Maureen Mayes, M.D., is the founder and director of the Scleroderma Clinical and Research Program at the University of Texas Health Science Center, Houston. Her research on scleroderma has been supported by NIH. We asked her for her top advice for those diagnosed with the disease.
1. Don't get discouraged.
"Treatments have improved, so the outlook for patients is more optimistic than it was 16 or 17 years ago," Dr. Mayes says. Unfortunately, some health care providers who aren't aware of these newer developments may give patients a bleaker impression. "I want patients to know they have more choices now."
2. Get a second opinion.
Scleroderma is a rare disease and primary care providers or internists who haven't treated many cases of scleroderma may not be as familiar with the latest tests and treatments, or even with the range of often subtle symptoms. There are more than two dozen scleroderma centers across the U.S., with specialists trained in treating the condition. Patients are often hesitant to tell their health care provider they want to get a second opinion, "but getting another viewpoint can be very helpful. At least go for an evaluation," she says.
3. Get regular heart and lung testing.
Systemic scleroderma can cause scar tissue buildup in the lungs and heart, so "it's very important that patients get annual or biannual testing so any problems can be identified early and treated appropriately," Dr. Mayes says.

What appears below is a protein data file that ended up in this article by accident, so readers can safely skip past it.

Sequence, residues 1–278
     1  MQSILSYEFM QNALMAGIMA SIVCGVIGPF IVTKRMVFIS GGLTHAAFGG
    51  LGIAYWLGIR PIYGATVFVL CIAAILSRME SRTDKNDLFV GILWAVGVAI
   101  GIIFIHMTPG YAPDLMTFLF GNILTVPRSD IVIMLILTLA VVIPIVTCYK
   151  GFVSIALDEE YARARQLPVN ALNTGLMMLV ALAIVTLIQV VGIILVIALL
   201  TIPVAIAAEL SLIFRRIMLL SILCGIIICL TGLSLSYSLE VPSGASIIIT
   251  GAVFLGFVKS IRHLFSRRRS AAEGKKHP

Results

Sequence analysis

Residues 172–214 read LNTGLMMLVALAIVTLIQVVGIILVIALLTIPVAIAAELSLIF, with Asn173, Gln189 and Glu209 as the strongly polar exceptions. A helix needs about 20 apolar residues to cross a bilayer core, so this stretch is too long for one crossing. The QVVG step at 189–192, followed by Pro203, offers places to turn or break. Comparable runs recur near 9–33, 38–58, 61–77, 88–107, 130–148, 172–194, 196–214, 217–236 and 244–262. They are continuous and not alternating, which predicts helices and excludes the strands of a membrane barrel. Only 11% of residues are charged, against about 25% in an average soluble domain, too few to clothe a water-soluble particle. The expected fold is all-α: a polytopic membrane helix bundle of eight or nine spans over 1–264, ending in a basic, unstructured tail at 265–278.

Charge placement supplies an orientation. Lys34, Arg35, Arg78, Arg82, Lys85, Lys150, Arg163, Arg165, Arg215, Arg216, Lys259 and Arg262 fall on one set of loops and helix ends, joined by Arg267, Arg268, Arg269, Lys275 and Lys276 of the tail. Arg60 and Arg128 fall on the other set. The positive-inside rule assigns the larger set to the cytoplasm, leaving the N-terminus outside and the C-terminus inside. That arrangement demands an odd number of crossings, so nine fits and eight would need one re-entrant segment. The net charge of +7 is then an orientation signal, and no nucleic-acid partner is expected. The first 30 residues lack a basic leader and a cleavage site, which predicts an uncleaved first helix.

4. Get the right diagnostic test.
Trouble getting an accurate diagnosis is a common problem that Dr. Mayes hears from patients. The key is an ANA/IFA blood test, which stands for antinuclear antibody using indirect immunofluorescence. The problem is that a faster, less expensive, simplified ANA test has been introduced, but it can produce false negative results for scleroderma patients. Dr. Mayes urges patients to get the ANA/IFA test.
5. Seek tips from other patients.
Seek tips from other patients. Local or online support groups and scleroderma organizations are a great source of tips for improving a patient's quality of life, Dr. Mayes says. "Even little things, like always having a jacket and gloves with you to protect Raynaud's-affected fingers from drastic temperature changes in air-conditioned stores and offices, are important."